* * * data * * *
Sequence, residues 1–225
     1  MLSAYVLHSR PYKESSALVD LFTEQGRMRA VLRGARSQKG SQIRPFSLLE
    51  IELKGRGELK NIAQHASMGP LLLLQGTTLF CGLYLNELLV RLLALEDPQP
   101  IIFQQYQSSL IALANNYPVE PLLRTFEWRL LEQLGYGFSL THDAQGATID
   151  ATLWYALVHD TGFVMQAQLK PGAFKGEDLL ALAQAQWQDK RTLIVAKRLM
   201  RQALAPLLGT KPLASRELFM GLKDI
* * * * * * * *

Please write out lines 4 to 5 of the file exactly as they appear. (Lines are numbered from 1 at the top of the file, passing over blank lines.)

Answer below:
   101  IIFQQYQSSL IALANNYPVE PLLRTFEWRL LEQLGYGFSL THDAQGATID
   151  ATLWYALVHD TGFVMQAQLK PGAFKGEDLL ALAQAQWQDK RTLIVAKRLM